In this article, I assess Tuukka Kaidesoja’s response to my objections to his critique of transcendental arguments and respond to his criticisms of my work. I argue that his new attempt to link transcendental arguments to Kant’s transcendental idealism is just as question-begging as his previous attempt, that his problematization of Bhaskar’s use of Kantian terminology is premised upon a confusion, and that his elaboration of explanatory necessity still fails to clearly distinguish it from transcendental necessity. I also elaborate and (...)
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  • Kierkegaard's Critique of Eudaimonism: A Reassessment.Carson Webb - 2017 - Journal of Religious Ethics 45 (3):437-462.
    Interpreters are less univocal than one might think in assessing Søren Kierkegaard's attitude toward eudaimonism. Through an analysis of several key texts from across Kierkegaard's authorship, I argue that existing interpretations do not convincingly address the relationship between Kierkegaard's critique of eudaimonism and his mid-nineteenth-century context, which was dominated by post-Kantian idealists. While I am sympathetic to aspects of deontological and aretaic interpretations, a contextual reading shows that his critique centers on what he diagnoses as the enclosure of the modern (...)
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  • Spinoza in German Idealism: Rethinking Reception and Creation in Philosophy.María Jimena Solé - 2021 - Comparative and Continental Philosophy 13 (1):21-33.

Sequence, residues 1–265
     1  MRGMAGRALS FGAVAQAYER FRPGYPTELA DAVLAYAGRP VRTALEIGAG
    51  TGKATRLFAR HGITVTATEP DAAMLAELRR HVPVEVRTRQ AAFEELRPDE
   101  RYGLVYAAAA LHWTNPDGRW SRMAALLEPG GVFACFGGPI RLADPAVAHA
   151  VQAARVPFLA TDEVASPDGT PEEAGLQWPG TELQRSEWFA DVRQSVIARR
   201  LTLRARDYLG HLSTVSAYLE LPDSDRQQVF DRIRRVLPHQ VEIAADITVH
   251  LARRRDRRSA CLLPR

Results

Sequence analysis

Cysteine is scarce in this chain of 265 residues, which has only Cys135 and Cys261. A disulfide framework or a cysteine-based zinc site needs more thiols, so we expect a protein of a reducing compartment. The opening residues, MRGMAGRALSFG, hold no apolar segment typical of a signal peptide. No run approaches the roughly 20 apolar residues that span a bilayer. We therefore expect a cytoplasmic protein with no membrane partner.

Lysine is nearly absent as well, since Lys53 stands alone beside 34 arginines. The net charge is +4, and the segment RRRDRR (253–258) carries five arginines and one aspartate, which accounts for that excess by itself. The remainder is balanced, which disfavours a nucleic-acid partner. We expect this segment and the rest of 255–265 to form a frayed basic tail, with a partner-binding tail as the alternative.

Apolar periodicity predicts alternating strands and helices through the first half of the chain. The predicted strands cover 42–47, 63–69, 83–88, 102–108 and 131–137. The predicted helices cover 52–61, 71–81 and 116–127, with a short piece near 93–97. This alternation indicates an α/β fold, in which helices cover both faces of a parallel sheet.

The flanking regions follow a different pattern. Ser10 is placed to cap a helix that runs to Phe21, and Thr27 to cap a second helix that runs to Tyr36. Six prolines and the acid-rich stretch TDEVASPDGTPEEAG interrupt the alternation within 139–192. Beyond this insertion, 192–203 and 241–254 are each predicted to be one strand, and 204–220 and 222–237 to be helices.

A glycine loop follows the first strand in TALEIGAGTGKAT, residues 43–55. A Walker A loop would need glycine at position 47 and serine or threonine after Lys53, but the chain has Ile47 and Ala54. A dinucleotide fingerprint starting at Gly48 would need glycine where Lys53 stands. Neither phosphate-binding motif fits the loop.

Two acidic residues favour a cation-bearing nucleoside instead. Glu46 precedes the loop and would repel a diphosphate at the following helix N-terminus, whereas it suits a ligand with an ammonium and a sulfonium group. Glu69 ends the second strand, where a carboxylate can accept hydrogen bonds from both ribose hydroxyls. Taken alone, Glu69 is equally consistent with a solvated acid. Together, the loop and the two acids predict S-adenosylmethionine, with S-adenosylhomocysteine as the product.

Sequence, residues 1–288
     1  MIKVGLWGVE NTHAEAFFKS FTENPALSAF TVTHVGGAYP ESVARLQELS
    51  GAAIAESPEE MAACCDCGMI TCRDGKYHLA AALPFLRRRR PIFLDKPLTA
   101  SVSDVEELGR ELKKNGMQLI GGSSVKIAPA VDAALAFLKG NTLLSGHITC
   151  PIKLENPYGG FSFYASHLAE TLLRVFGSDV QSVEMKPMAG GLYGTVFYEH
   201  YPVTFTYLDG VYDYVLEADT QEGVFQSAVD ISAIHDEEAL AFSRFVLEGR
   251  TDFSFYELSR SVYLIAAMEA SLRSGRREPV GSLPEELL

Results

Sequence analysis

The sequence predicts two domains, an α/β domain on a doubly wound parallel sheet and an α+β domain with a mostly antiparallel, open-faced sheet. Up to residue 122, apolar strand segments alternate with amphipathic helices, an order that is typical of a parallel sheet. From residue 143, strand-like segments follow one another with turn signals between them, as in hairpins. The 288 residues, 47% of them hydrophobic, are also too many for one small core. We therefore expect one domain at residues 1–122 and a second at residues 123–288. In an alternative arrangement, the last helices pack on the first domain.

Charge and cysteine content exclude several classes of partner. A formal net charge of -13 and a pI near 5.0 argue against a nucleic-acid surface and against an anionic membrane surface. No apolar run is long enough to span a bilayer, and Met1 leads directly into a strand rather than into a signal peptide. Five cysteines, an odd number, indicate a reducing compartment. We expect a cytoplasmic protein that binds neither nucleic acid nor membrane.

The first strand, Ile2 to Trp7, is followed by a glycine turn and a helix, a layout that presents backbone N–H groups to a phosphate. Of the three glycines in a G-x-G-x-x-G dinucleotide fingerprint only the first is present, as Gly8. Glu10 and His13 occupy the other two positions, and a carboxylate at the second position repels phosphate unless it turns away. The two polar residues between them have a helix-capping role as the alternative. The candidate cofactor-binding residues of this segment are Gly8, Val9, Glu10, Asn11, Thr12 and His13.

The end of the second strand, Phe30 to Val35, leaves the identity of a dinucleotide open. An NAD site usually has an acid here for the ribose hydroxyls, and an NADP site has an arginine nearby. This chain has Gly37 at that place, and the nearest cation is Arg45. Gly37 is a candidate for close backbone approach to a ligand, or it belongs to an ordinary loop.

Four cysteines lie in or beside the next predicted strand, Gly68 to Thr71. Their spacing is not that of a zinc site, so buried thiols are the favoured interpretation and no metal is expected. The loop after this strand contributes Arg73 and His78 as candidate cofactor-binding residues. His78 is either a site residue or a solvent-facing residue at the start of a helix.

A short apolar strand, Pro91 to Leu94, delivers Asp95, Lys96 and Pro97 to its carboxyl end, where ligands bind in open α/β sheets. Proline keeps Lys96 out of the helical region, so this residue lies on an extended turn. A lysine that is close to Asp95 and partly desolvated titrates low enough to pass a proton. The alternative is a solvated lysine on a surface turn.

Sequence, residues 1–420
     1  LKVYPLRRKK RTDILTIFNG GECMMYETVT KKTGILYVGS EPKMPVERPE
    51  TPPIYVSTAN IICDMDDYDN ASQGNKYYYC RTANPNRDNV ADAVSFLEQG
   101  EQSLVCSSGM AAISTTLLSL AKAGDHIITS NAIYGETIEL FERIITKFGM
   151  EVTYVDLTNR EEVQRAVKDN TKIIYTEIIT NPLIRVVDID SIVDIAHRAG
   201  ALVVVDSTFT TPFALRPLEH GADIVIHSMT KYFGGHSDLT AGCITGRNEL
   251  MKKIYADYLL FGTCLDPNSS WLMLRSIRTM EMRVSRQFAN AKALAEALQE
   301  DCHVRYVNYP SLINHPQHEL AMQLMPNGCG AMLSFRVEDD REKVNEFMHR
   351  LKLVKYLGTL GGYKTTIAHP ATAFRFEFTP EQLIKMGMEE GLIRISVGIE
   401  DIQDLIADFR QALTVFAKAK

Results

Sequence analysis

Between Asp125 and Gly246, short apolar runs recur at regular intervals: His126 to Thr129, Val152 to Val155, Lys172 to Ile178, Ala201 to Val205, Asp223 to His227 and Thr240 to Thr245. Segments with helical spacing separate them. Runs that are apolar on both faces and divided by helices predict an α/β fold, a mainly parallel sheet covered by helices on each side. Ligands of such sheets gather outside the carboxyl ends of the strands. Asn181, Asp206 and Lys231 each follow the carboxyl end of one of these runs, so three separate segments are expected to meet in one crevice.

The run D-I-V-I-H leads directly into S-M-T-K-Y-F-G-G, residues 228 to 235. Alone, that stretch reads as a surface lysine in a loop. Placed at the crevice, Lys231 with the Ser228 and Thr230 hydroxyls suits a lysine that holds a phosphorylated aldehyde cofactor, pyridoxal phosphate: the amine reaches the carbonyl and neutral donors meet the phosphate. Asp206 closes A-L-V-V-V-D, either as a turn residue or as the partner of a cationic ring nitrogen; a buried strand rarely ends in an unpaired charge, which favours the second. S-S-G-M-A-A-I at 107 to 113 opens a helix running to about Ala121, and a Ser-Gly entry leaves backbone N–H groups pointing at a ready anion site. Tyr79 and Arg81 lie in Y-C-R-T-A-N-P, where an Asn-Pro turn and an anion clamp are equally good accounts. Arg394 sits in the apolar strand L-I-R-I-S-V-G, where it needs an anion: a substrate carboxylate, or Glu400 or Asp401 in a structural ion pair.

ABSTRACT It is a widely accepted idea that German Idealism stands on two pillars: Kant and Spinoza. The aim of this essay is to critically reflect on this way of understanding the history of philosophy through a study of the reception of Spinoza in the early writings of Fichte, Schelling, and Hegel. This analysis will show that each of them builds a different image of Spinoza that is not based on the scholarly study of his works, but rather deeply conditioned (...)
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  • Is Twenty-First-Century Liberal Arts Modern?Iain Tidbury - 2018 - Educational Philosophy and Theory 50 (11):1045-1051.
    In the first part of this paper I explore a recently conceived notion of a modern liberal arts education which brings the ancient Aristotelian search for first principles into a modern metaphysics of Kant and Hegel. In the second part I examine two ways in which this modern conception of a liberal arts education intervenes in important social and political debates in Western culture. My concluding comments centre on the belief that twenty-first-century liberal arts education needs to provide more resistance (...)
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  • Hegel, Norms and Ontology.Joe Saunders - 2019 - History of Philosophy Quarterly 36 (3):279-297.
    This paper lays out two recent accounts of Hegel’s practical philosophy in order to present a challenge. According to Robert Stern and Mark Alznauer, Hegel attempts to ground our ethical practices in ontological norms. I argue that we cannot ground our ethical practices in this way. However, I also contend that Stern’s and Alznauer’s conception of reality as both conceptual and normative can still play a useful role in practical philosophy, namely, to help defuse a sceptical worry about a threat (...)